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Biresh Shah, Expert Advisor, Nepal


Biresh Shah, Expert Advisor, Nepal

Nepal Kathmandu ValleyThe phenomenon of Incremental Development of housing has an interesting development in Kathmandu valley. In the past (until the 50’s), when construction was limited to brick walls in mud mortar and the building had to be topped with a sloping roof of tiles to prevent monsoon seepage, the preferred house type was the single and double bay three-story construction with a sloping roof of tiles (or sometimes thatch) and CGI sheets. As land was more readily available, extension took place horizontally as complete wings were added to the original house. This was done largely to accommodate expanding extended families. This form also allowed for the creation of a variety of open spaces (forecourts, subcourts, courtyards) around the house in a neighborhood as new wings were added to existing bocks, and used for a variety of activities.

In the fifties, with the introduction of reinforced concrete construction (RCC), as the residential type changed to a single bungalow, the initial construction was a one-floor building with subsequent addition of floor by floor. The “water proof” RCC roof allowed vertical expansion of the house. While larger houses were single-family houses, many later houses had separate units on each floor. This created a respectable amount of rental housing in the city. As the land prices increased, the RCC frame construction on smaller plots allowed for additional floors, thus increasing density rapidly and decreasing frontages for windows. Open spaces around the building decreased dramatically leading to many slum-like situations. The new evolving landscape was marked by the reinforcement steel bars protruding form the top slab of buildings, in anticipation of future additions.

NepalIn the past decade, with the astronomical rise in land prices within the city limits, there is a tendency to build complete structures (four to five floors) in one phase as the large investment has already gone into the land. However, incremental construction continues in fringe areas of the valley where land is still relatively cheap, with no infrastructure except a vehicular track. Independent houses are often seen dotting large agricultural landscapes in the valley. In most of these developments the only infrastructure is a dirt road, everything else (electricity, telephone, cable, road improvements) follows. In terms of urban structure, it is only the roads that connect with privately owned land. There is not much else.

A few ‘site and services’ projects were initiated by the government beginning in the eighties to promote affordable and organized middleclass housing with basic infrastructure. These were subsequently not replicated due to upfront costs of land purchase and infrastructure that the government had to bear and the difficulty in acquiring land in the valley. In the last two decades, the preferred model for the government has been to develop ‘site and services’ projects on the land-pooling model, where developed land plots are handed back to the original owners and costs incurred are recuperated by the Government. However, these sometimes take a long time to develop because of owner speculation while the people who actually need the serviced plots to build houses cannot afford to buy the plot.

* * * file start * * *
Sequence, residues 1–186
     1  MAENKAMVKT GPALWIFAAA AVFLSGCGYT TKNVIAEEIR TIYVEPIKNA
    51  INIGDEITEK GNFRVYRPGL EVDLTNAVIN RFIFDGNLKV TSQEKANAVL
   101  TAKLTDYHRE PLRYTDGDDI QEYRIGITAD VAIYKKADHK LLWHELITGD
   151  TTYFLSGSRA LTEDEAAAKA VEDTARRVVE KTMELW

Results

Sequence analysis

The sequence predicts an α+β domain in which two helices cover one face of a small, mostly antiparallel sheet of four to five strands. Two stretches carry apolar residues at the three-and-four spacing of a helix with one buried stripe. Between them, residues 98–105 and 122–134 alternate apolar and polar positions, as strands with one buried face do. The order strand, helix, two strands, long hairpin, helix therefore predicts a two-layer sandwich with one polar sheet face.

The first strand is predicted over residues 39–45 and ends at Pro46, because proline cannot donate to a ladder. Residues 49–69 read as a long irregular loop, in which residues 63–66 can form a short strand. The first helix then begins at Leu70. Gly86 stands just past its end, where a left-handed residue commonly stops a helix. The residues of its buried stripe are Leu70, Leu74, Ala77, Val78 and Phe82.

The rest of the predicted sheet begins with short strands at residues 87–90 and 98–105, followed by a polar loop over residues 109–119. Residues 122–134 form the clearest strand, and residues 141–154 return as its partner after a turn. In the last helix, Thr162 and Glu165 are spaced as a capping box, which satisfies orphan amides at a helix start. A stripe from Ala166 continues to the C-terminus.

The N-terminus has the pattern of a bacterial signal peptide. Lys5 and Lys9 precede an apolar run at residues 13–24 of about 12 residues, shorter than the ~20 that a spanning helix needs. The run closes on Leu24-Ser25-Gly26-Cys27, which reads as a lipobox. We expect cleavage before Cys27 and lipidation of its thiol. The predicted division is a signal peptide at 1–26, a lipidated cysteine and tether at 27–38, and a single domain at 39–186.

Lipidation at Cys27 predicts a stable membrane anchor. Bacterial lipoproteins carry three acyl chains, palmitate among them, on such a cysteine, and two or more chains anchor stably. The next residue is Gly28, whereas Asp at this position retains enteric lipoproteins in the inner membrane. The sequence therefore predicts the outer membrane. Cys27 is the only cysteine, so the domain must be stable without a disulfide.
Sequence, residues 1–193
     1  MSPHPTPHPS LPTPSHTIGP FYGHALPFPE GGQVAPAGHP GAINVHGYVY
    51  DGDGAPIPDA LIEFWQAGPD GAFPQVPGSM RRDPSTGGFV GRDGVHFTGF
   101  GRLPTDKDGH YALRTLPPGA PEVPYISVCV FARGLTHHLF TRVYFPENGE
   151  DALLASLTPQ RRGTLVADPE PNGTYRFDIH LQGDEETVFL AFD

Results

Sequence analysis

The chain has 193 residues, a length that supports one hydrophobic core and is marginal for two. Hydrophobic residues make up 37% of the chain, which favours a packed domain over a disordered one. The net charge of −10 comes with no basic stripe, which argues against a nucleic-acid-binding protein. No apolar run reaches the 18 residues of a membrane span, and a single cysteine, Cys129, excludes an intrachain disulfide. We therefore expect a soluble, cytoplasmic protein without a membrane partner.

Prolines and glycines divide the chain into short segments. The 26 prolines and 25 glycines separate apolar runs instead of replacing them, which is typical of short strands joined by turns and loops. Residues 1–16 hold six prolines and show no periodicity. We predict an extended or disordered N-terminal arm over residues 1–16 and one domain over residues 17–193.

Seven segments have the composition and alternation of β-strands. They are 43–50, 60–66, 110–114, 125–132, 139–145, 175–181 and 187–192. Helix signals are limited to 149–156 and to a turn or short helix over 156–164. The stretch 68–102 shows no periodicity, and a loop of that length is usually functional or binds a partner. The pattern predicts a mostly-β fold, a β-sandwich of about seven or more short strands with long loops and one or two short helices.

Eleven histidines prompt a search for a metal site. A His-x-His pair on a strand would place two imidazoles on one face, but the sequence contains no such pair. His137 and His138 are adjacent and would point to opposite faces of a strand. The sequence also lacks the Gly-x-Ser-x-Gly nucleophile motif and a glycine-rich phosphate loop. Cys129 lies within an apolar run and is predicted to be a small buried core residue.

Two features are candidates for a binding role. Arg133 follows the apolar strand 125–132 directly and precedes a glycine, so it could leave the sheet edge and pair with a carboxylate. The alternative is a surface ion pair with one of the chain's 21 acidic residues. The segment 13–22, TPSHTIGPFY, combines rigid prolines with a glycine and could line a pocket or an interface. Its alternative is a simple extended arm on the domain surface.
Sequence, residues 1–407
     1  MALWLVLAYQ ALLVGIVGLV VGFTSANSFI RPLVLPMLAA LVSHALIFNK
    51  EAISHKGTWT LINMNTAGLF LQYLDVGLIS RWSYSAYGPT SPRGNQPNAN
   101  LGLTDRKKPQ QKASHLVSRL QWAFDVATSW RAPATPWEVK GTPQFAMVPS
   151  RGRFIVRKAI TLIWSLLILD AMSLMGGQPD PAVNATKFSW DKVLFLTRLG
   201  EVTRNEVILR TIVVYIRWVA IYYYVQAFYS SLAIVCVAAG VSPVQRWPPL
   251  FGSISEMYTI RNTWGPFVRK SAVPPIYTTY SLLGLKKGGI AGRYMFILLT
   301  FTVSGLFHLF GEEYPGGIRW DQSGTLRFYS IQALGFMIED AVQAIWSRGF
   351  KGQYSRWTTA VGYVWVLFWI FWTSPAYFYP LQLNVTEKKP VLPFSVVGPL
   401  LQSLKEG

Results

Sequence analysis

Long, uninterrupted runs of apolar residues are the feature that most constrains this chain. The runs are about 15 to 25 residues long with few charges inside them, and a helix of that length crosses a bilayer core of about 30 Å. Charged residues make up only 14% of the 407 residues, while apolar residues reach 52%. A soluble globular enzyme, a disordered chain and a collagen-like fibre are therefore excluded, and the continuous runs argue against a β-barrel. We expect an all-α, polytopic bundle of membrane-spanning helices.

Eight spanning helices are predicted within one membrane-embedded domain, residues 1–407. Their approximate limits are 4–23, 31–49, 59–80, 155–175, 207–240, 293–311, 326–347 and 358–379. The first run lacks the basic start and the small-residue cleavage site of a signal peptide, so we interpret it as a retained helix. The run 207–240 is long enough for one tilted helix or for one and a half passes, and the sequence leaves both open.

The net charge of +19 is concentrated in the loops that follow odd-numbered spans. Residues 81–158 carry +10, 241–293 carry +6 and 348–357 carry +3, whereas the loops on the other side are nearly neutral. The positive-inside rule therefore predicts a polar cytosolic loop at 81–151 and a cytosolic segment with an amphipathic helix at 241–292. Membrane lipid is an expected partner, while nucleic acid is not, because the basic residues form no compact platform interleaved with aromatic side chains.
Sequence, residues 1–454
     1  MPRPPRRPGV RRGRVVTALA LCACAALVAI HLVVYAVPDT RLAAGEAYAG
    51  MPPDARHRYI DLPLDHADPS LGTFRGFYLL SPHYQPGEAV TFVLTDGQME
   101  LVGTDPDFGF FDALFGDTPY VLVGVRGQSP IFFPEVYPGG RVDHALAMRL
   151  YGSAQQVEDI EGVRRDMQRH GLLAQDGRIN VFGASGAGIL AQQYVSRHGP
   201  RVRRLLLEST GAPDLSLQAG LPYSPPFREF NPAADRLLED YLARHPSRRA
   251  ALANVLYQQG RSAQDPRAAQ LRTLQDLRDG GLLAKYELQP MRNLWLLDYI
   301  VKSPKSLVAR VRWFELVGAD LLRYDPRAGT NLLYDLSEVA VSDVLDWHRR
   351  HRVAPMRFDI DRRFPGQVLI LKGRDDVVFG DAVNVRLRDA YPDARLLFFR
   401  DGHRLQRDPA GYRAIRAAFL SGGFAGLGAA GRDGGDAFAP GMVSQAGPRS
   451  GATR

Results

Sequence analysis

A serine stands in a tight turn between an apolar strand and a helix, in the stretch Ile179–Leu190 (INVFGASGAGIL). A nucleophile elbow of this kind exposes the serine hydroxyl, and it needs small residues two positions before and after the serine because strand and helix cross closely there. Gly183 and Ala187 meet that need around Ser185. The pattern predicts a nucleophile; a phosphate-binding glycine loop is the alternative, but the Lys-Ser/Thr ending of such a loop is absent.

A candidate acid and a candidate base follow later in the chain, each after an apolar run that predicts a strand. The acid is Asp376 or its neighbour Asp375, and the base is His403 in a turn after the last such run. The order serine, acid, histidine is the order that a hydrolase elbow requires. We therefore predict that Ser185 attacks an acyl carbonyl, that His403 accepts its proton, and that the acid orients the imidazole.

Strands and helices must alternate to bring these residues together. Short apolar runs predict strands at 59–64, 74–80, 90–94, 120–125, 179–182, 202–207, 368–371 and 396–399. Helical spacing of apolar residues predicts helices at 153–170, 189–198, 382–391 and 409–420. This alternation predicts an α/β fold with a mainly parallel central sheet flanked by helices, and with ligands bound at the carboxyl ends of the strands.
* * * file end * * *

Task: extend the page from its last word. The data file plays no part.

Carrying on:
With the insurgency and the political instability in the past decade, as other business dwindled, much investment was poured into land in the valley. With the result a huge number of privately developed land plotting projects mushroomed in the valley, converting huge agricultural tracts into plotted form. But these offered mainly land plots with roads and nothing else. A few organized developers in the last decade developed and sold projects consisting of a few dozen identical houses on independent lots, with better infrastructure – paved roads, drainage, electricity, water supply etc. These were all complete houses, with no consideration for expansion. But these too have now stopped due to the huge increase in land prices. Housing construction is now mainly divided into self-built units, or large-scale multi-storied apartment construction. Several squatter settlements have emerged on fringe areas and on public land, taking advantage of the fluid politics as well. The whole valley and beyond is a giant land market, where everyone whether big and small is buying and selling.

The ‘site and services’ projects, promoted by the Government, are more successful in other small towns and fringe settlements of the country, mainly as resettlement projects promoted by the Government on public land or acquired land where acquisition is easier.